Earlier this semester, students in sixth grade at St. Timothy’s School in Raleigh took a trip to the Roman Coliseum and Greek Parthenon. But they did so without ever leaving their classroom.
All it took was a set of virtual reality headsets and help from the school’s technology teacher.
"If you’re moving around a lot, you will get motion sick," technology teacher Bradon Bogumil warned the kids as they donned the headsets. "So don’t do that."
Bogumil can bring VR to any classroom, and he helps teachers craft the "trips." St. Timothy's School started using the technology this school year, and the goal is for all students to go on at least one VR field trip before the end of the school year.
In Kim Balentine's sixth-grade art class, students lift the red and white headsets up to see ancient rock pillars and ruins of two of the world’s best-known structures. The class is learning about Greek architecture for a pottery project.
Balentine leads students through the virtual site and asks them to identify the "tall, worn, rock things."
Hands across the room shoot up, but one student is particularly excited.
"Ooh, maybe those were part of the buildings?" Ella Burnham said. "And they were the columns of the buildings."
Balentine nods in approval. "Excellent, yes ma'am!" she responds.
The field trip goes on like this, Balentine pointing students toward specific aspects of the 360-degreee landscape, asking questions.
But just like on any field trip, students notice more than the one or two things they’re supposed to be focusing on.
"Oh my gosh," yelps one of the students. "That’s a giant dead squirrel."
Down to the right, just in front of the Roman Coliseum is, indeed, a dead squirrel. It causes quite a distraction, as students call across the room to others to ask where it is and how they can find it.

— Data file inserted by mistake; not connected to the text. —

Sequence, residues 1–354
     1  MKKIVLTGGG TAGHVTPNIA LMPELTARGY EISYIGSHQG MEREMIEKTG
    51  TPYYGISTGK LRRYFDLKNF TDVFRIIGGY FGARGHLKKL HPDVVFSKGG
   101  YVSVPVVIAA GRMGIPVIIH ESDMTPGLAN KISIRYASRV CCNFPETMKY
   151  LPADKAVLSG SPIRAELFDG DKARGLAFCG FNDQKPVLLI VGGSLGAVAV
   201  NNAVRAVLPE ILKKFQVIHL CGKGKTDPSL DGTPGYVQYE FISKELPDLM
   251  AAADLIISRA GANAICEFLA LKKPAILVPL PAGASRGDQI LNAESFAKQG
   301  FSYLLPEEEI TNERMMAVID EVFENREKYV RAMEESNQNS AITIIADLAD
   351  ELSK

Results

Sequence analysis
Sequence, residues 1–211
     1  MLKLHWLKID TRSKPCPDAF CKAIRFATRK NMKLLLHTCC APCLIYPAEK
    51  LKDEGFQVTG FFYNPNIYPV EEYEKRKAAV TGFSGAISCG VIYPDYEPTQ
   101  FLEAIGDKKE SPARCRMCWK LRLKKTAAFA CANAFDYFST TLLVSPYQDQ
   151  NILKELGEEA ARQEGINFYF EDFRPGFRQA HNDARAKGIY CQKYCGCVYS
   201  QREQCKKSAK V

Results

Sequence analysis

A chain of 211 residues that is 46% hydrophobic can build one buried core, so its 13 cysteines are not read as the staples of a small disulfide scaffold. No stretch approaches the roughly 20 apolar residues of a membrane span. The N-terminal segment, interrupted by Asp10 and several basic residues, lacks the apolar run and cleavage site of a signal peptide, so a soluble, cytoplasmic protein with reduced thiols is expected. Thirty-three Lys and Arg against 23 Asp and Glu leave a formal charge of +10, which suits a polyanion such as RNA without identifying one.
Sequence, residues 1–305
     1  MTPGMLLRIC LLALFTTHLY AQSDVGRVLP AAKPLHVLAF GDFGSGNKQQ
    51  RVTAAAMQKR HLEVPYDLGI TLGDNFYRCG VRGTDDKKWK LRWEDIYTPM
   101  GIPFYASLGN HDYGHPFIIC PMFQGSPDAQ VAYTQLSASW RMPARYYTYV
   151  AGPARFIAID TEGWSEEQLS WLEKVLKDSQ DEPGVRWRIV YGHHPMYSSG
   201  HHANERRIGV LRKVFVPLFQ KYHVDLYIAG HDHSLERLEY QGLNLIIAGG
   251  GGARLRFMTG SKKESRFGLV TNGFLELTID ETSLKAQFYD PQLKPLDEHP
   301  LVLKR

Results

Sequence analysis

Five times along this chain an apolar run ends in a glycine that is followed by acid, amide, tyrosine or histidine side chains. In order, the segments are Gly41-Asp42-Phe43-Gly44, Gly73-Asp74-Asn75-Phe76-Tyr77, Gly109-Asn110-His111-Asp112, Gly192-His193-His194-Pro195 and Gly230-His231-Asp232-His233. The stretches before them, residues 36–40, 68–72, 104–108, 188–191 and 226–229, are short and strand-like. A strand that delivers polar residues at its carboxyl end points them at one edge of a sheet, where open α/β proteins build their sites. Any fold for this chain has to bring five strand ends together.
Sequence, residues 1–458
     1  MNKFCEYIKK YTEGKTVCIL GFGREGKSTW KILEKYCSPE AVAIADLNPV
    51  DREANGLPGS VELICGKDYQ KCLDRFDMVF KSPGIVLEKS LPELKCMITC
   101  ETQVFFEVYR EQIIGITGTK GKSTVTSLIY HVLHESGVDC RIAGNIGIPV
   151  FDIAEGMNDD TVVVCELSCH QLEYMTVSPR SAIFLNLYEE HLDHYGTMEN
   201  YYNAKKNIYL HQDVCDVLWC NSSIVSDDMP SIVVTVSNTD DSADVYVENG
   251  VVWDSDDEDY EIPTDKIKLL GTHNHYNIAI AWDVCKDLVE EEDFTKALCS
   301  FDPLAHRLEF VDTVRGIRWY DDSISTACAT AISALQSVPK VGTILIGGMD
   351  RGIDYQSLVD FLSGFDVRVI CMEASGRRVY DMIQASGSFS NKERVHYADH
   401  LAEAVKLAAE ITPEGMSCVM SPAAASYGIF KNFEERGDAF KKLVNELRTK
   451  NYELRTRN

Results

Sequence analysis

Students, are, after all, still kids. But in a virtual reality field trip, they do have more control over their indiviudal learning experience than on a normal field trip.
"In virtual reality, every student has agency to drive their own learning," said Iulian Radu, who develops and researches emerging educational technology at Harvard University. "That’s where one of the benefits is in these kinds of experiential learning experiences."
Radu said these kinds of student-led opportunities are what make virtual reality, and even augmented reality, a benefit in the classroom. But, he said, educators have to think differently for this kind of learning experience to be effective.
"There’s an expression, instead of the 'sage on the stage,' they have to switch to being the 'guide on the side,'" Radu said. "So the teacher is more of a guide through the virtual experience and their role is now changing."
Field trips have always been the standard for experiential learning. But trips to museums or other locations are subject to permission slips and local opportunities. Anything more than that has always been little more than fantasy.
In the animated TV show "The Magic School Bus," Miss Frizzle would shrink the bus and take her students on wild rides inside the human body or rain clouds. In books like "The Magic Tree House," readers can follow the characters as they are transported to a different historical time and place.
But now with virtual reality, students can get much closer than an imaginary world or pictures on a screen. The technology is shown to provide - on a deeper psychological level - the experience of actually living a different experience.
Creating these field trips is complicated and expensive. As the technology improves, it will get cheaper, and students will be able to experience more and more.
Right now, VR field trips are likely out of reach for large-scale use in public schools.
"I think we will see a lot more field trips," Radu said. "But on a shorter scale."
But even if virtual reality field trips became cheaper than actual field trips, Radu says he hopes they never completely replace getting out of the classroom.
"There’s still something about reality that you’ll pick up by just going to a place," Radu said.
At St. Timothy’s School, leaders say the technology won’t be replacing normal field trips any time soon.